The joy of writing the monthly news updates is that it provides an opportunity to celebrate all things positive relating to our wonderful riverside. However, this month there is no getting away from some very sad and bad news.
As if nature were not already under undue pressure from mankind’s management of the environment, or perhaps because of it, we are now witnessing the unfolding catastrophe of avian flu. We are all aware that this virus has been affecting sea bird colonies in a big way this year with thousands of birds dying at their nesting sites around our coasts. Particularly distressing were the images of dead gannets on Bass Rock in the Firth of Forth but there were many other places around the United Kingdom and mainland Europe where breeding sea birds were seriously affected, and conservation efforts put back by many years.
Earlier this month the EU’s European Centre for Disease Prevention and Control said the latest data for 2021 – 2022 showed this is the largest epidemic of avian flu ever recorded in Europe. More than 47million domesticated birds have been culled since last autumn in outbreaks across 37 countries.
There have also been thousands of outbreaks recorded in wild birds throughout the year. Typically, outbreaks of avian flu decline with warmer weather but they have continued this summer leading to fears that highly pathogenic variants of avian flu are now endemic in wild birds, creating a risk of infection all year.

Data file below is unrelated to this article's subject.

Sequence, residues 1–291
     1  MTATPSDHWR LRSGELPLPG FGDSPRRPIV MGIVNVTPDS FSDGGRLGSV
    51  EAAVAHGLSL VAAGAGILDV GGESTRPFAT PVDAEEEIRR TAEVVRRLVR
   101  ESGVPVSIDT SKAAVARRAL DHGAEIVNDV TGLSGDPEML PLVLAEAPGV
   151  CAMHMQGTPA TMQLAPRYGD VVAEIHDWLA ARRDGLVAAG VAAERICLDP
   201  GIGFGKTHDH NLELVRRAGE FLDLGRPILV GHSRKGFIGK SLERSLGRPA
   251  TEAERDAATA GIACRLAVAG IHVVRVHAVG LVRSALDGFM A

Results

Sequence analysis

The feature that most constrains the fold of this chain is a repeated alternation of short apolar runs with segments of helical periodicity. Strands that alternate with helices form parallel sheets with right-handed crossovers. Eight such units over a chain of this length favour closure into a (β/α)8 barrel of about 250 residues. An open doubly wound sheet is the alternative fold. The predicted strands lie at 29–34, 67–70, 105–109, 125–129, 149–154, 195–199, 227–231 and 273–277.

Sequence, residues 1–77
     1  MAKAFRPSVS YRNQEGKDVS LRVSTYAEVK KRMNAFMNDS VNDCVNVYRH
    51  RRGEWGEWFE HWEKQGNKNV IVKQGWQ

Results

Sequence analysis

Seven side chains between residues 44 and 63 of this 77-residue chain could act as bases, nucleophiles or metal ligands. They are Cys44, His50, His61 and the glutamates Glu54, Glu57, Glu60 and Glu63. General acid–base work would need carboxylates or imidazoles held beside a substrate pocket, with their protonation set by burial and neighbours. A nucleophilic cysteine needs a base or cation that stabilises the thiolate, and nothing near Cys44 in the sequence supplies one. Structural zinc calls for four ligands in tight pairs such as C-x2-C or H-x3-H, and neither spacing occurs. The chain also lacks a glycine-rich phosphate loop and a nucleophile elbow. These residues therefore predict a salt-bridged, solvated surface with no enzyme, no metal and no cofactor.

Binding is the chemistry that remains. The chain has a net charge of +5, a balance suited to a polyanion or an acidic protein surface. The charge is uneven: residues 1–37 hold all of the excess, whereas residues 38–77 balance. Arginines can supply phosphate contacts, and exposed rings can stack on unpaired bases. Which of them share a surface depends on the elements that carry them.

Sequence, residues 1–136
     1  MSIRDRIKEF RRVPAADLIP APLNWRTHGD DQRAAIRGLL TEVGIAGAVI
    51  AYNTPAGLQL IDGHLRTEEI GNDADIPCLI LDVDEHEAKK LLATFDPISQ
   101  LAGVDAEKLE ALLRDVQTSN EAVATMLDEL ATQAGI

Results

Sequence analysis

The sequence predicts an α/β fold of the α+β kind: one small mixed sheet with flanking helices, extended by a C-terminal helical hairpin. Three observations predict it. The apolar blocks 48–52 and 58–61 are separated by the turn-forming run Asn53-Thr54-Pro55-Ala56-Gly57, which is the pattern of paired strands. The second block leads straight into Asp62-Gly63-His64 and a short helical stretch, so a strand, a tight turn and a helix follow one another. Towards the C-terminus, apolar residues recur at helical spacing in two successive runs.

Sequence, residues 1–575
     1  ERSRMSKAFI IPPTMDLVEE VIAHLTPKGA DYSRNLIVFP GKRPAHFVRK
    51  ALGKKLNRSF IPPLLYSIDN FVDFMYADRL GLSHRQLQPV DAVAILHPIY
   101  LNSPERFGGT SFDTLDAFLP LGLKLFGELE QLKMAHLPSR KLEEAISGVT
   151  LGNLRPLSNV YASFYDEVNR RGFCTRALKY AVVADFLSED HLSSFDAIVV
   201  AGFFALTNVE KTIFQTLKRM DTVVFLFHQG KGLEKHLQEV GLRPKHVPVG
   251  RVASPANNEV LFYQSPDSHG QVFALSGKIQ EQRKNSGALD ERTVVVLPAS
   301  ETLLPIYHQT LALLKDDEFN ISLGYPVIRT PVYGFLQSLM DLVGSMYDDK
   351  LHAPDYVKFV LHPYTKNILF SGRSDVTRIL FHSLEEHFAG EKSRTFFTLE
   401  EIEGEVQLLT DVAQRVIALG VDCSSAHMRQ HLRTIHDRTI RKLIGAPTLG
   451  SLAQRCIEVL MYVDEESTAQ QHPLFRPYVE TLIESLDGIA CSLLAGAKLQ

There are around twelve variations of the bird flu virus and more will inevitably evolve with some possibly becoming even more infectious. The current outbreak is caused by the H5N1 strain and was first recorded locally in August at a poultry farm in Norfolk. Norfolk, Suffolk and north Essex are now included in a Regional Avian Influenza Prevention Zone but that relates to biosecurity on poultry farms and for small poultry keepers. For wild birds, the cat is well and truly out of the bag, as autumn migrant birds carry or pick up the virus on their journeys north and south.
H5N1 is highly pathogenic meaning that it is very infectious which is why we are seeing our birds on the common lands literally die before our very eyes. One day they may look weary and the next they are dead. There is no cure for the wild birds so nothing can be done. In rare cases, infection can transfer to humans so these dying birds must be left well alone as stated on the signs at all the entrance gates to the Sudbury Common Lands. It would also be a very sensible precaution to keep dogs away from carcasses. Reports can be forwarded to Sudbury Town Council where they are collating the information.
In late September and through October, gulls, herons and numerous swans began dying on a daily basis. Of course, it the swan population that is being visibly affected because the birds are large and conspicuous and gather in numbers because they are fed by humans at Brundon Mill and elsewhere. Wherever they congregate they will certainly transfer the disease. Stopping the feeding would have no effect whatsoever because the birds are habituated to gathering. How many small birds are succumbing to the disease is not known as these are, for the most part, unlikely to be seen or recorded.
Although Defra has not responded to the forwarded reports, it must be assumed that the birds have died from avian flu. As a result of the number of birds involved, council operatives are involved in collecting the dead birds from locations identified by the Ranger team. These dead birds are classified as ‘Category 1 Animal By-Product Waste’ and must be disposed of safely and securely.
How long this disastrous affair will continue is anyone’s guess. For those working to improve the environment it is a severe blow and one that is difficult to come to terms with.
For more articles about wildlife in and around Sudbury, visit sudburycommonlandscharity.org
Adrian Walters, Honorary Freeman of Sudbury and Clerk to the Trustees of the Sudbury Common Lands Charity
Ross Bentley, Trustee of the Sudbury Common Lands Charity